English Articles > Written August 06, 1997
Deals stir French money management :
Joint Ventures and foreign acquisitions awake the industry.

After two years of declining assets, the French money management industry had no choice but to adapt or wither. Three cross-border deals signed this summer indicate that it's adapting and blossoming. First, Fimagest, the asset management arm of the Belgian Générale de Banque, acquired a majority stake in Boston based Harbor Capital Management (HCM), with an option to increase its holding up to 75% within 7 years. Second, BGP a private banking subsidiary of Credit agricole, hired Boston Partners Asset Management to outsource all their US equities management. Third, United Asset Management (UAM), another Boston based firm, started a French subsidiary from scratch, named Expertise Asset Management, with four parisian professionals. UAM owns 80% as the management keeps 20% of the Joint Venture.

Three encouraging trends
These three deals illustrate three encouraging trends in the French asset management industry. The Fimagest-HCM case shows that French money managers can commit necessary means to expand internationaly. The big French commercial banks haven't decided such acquisitions yet, but SocGen and BNP have nevertheless confirmed earlier this year that they would consider possible US buys or partnerships.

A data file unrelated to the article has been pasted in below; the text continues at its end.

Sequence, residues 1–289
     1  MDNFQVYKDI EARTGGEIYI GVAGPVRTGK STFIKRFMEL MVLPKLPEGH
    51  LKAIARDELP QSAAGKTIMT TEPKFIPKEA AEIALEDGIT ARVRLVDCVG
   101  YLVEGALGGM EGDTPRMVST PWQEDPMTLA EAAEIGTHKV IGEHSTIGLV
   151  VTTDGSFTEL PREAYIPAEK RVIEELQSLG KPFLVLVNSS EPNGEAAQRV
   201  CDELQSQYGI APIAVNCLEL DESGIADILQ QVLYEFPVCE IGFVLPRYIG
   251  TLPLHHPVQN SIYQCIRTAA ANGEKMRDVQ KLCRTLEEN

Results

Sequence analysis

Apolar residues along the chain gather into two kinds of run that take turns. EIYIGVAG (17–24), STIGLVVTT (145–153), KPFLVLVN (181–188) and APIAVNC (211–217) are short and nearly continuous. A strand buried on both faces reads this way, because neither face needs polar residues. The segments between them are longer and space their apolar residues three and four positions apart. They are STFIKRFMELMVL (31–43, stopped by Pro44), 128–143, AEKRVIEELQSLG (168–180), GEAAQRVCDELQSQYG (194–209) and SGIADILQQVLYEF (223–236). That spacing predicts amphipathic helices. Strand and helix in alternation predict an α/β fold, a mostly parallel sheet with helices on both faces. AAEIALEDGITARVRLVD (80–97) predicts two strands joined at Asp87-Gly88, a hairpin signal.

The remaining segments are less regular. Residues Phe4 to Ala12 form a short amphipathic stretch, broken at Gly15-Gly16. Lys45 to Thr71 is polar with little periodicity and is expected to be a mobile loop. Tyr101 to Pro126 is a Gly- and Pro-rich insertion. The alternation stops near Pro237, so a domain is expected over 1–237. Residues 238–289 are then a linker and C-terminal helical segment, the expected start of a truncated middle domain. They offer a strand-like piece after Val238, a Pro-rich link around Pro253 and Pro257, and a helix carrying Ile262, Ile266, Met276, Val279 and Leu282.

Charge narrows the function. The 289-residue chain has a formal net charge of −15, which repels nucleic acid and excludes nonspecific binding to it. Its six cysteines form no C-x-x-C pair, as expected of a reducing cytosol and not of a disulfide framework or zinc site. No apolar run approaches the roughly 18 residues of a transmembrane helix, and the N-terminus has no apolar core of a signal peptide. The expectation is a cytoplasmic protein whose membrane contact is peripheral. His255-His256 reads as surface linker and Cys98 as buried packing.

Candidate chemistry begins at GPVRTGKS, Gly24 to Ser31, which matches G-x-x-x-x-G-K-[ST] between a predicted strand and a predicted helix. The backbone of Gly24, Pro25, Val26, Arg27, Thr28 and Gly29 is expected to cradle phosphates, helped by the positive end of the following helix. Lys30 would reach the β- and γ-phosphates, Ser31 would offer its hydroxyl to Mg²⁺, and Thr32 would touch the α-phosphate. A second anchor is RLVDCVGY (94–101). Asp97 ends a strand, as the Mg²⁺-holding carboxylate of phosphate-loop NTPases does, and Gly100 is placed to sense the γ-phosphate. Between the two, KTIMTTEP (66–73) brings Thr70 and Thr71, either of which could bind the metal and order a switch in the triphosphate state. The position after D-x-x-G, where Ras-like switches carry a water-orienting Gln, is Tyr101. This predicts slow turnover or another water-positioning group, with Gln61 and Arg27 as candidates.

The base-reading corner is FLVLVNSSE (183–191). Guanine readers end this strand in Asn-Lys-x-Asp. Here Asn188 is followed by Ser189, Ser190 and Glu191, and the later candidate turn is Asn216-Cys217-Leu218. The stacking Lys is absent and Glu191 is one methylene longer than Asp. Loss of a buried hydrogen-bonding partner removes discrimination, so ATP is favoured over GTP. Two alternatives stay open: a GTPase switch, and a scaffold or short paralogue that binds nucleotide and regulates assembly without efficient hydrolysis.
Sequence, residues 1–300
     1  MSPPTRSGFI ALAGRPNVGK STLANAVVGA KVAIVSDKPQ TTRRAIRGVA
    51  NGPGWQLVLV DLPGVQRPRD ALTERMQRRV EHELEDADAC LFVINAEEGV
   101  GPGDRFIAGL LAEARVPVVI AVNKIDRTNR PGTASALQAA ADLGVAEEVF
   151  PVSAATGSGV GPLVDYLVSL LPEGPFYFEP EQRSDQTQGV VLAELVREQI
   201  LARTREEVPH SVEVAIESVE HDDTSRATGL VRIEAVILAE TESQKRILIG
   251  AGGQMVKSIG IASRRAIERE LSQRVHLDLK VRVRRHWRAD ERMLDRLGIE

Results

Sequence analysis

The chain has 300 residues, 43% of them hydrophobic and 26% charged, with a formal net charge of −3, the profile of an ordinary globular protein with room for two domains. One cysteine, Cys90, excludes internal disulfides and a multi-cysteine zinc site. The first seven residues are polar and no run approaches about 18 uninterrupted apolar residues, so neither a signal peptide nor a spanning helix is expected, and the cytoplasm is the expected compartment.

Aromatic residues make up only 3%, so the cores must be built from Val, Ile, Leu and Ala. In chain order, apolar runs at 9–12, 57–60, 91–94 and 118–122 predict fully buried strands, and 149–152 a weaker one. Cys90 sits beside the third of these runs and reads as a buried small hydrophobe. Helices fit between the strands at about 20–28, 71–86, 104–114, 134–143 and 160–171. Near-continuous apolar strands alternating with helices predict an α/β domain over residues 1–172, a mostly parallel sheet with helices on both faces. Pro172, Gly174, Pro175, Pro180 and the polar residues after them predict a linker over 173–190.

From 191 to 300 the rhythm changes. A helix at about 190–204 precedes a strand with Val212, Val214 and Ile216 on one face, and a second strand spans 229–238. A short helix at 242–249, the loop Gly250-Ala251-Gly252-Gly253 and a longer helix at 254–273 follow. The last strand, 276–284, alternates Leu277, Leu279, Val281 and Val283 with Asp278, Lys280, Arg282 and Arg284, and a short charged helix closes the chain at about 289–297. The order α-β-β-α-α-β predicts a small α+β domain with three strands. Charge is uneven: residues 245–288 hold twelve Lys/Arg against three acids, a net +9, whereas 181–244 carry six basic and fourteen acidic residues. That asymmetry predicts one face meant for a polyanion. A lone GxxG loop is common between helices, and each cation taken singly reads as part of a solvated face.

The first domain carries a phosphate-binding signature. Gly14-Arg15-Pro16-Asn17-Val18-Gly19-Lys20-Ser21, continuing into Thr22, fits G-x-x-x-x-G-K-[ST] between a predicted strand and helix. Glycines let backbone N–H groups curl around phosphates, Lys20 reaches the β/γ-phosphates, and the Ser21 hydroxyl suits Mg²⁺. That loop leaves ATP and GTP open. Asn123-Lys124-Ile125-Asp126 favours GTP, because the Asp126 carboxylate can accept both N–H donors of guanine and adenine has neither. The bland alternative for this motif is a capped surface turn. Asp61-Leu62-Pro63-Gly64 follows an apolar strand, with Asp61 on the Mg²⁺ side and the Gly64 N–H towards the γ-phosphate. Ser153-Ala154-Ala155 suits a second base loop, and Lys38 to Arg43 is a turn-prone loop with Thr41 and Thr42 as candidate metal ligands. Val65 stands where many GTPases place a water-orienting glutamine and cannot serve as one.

The hiring of Boston Partners by BGP gives indications that the French market is specialising, segmenting and opening. With the high qualitiy standards now required for asset management, those too small to specialise in certain asset classes prefer to outsource the money management side to professionals with proven track records. It opens doors to many foreign-French partnerships, as many French asset managers have real distribution powers, but rarely reach the critical size to meet performance and quality standards in all asset classes. It also points to the growing role of consulting firms in the selection process. Mercer handled the BGP tender offer, but Frank Russell and Watson Wyatt are the most mentioned in the French market.

The UAM start-up also hints how the French market is opening, from the outsiders' view. Of course it still has to prove consistent over time, as many foreign attempts to enter the French market failed or waned in the past. But it suggests that Americans are eyeing at the French market as a growth area for the future. Making his first official visit in Paris as newly named Merrill Lynch COO, Herbert Allison confirmed this opinion in June. He emphsasised that the Continental and French markets will offer similar opportunities as the US did with the pensions and mutual funds boom, and he declared his interest in acquiring one or more European or French asset management operations. It is true that the persistent bull market is rekindling the mutual funds business. After losing FRF 300 billion of managed assets between 1993 and 1995, essentially because of the money market rate fall from 9% to 3%, the French mutual funds assets grew by more than FRF 200 billion in 1996. Moreover, the long awaited equity shift has begun. According to the fund tracking consultant Europerformance, net buys have been flowing into equity Sicavs every month since the beginning of the year, totalling FRF 15 billion for the first half of 1997, a modest pace compared to the US or UK, but it had not been seen in France for the last decade or so.

Gilles Pouzin